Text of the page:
By now, you’ve probably heard the term GDPR.
And gotten anywhere from 1 to 100 emails about it from the likes of Google, Facebook, & more.
The compliance deadline passed on May 25, 2017, which means fines are fair game now.
But you might still be wondering what the regulation entails, who it affects, and how much fines could be.
That’s why we’re here. To break it down quickly and in an easily digestible form.
Here we go!
Who: This regulation affects any business that collects or processes personal data about individuals that reside in the European Economic Area (EEA).
If you’re not located in the EU, this does not mean you are safe from this regulation. It applies to any company that processes even one piece of data about one citizen in the EU. This is regardless of your business address and/or the address of your data processing.
What: “GDPR” is short for the General Data Protection Regulation.
Where: The European Economic Area includes the EU, Iceland, Liechtenstein, and Norway. Again, this location applies to any person you have data on, not your business.
When: The deadline for compliance was May 25th, 2018. This was after a grace period for two years already, believe it or not; the regulation was technically adopted in April 2016.
Why: To protect the security of citizens in the EU and surrounding areas. This is important to you because, if the regulation applies to your company and you are found to be noncompliant after May 25th, you could be fined 20 million euros or 4% of your global annual turnover.
An important distinction to be aware of is how your company is classified, if you’re affected. You likely fall into one of two categories:
Data processors are vendors that collect information for another company’s use.
Data controllers are companies that collect information for their own use.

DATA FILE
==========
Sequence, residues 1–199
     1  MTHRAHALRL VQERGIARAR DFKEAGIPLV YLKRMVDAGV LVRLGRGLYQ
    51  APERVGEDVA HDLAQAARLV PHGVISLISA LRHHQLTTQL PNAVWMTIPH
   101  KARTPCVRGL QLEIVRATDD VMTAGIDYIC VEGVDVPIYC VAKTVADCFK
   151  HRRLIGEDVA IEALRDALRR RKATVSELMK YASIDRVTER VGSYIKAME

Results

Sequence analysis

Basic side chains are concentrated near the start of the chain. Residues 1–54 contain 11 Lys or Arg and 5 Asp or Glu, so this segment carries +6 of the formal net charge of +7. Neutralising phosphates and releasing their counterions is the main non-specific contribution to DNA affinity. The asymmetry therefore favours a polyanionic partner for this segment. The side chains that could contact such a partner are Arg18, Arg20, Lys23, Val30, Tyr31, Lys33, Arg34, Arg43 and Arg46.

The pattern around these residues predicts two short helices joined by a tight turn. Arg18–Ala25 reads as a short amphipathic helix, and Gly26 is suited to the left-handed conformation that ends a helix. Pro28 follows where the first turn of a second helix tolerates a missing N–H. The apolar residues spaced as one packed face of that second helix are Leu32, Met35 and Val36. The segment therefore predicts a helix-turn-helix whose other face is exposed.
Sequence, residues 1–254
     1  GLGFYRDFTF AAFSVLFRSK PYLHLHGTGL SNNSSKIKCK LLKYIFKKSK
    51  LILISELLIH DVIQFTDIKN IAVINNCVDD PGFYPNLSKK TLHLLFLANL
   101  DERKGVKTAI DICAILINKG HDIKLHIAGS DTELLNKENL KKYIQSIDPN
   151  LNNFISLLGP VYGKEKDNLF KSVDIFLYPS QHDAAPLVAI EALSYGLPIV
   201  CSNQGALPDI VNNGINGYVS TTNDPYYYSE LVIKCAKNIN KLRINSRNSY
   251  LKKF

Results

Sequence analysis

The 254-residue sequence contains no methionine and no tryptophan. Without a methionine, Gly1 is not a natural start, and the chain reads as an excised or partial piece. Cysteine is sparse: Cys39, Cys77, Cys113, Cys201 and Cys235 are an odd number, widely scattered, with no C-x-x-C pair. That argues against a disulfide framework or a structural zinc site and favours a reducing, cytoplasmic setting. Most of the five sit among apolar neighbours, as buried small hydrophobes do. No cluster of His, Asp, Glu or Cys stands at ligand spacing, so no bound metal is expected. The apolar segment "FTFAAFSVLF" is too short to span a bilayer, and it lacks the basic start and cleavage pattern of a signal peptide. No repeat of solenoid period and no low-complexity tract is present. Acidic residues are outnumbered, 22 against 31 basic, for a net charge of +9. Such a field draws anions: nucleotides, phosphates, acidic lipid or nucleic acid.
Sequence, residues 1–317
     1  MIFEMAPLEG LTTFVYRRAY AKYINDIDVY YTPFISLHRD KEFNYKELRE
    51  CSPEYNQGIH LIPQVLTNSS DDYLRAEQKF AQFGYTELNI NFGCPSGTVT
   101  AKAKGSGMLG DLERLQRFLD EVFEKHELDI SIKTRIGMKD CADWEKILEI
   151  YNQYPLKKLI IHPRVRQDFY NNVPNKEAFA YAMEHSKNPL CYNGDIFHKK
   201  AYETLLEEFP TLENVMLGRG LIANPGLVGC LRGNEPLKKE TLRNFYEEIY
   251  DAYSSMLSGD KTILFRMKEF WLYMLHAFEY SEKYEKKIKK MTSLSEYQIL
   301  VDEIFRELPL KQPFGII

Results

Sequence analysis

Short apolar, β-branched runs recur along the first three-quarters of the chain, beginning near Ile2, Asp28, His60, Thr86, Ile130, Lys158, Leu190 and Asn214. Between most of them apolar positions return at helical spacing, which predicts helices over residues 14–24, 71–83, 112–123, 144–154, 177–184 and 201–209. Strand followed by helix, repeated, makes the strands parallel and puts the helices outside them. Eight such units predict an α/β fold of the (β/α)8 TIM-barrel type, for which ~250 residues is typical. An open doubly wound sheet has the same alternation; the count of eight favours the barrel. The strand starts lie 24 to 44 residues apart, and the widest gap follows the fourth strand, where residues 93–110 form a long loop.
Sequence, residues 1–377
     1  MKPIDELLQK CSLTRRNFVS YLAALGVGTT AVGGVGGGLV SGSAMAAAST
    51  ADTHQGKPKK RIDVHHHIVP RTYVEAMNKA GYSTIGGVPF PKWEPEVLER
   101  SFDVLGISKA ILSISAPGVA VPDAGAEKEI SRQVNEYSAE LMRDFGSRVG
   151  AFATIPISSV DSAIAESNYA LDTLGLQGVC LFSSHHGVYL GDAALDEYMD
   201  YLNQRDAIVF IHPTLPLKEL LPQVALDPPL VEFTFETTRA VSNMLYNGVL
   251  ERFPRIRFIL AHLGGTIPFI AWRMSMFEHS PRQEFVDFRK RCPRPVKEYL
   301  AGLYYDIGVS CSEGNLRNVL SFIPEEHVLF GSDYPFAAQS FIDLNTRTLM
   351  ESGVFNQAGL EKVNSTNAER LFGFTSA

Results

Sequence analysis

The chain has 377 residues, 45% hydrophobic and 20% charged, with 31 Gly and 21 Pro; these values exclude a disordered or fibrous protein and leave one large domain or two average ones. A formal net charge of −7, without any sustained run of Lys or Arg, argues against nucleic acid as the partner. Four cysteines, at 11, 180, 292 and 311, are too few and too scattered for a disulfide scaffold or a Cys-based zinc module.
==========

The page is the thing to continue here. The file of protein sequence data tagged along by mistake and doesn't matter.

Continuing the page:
Whether you’re a controller or processor, you need to know what personal data means.*
If you’re a controller, you need to be able to grant access to and deletion of data regarding any EU citizen who requests it, if you have their information in your database.
If you’re a processor, you need to be able to offer the ability to export or delete as a service or self-service to your controllers.
If you’re a controller, part of this means educating all customer-facing employees at your organization so they know how to respond to requests from EU citizens.
Some questions to consider:
- Have you taken proactive measures to communicate with your employees about how to respond to requests starting on May 25th?
- Have you taken measures to communicate a second time to catch anyone who may have missed your first training or announcement?
- Are your employees aware that they need to address requests from EU citizens within 30 days, and do you have a fallback in place to make sure that requests do not drop off?
- Do you have collateral to reference when employees have questions, are unsure about the process, or need a refresher?
- Do you have formal documentation ready in case you are audited by a compliance officer? (Having policies in place to address requests is important to regulators.)
*What is “personal data” under the GDPR?
Any information that is able to identify an individual — not just on its own, but in conjunction with other data. So if you can use a piece of data with another to say, this is one, specific, personally-identifiable person, then it is a piece of personal data. Examples include:
- Physical address
- Phone number
- Email address
Want more info? Check out what SevenRooms is doing to keep customers compliant.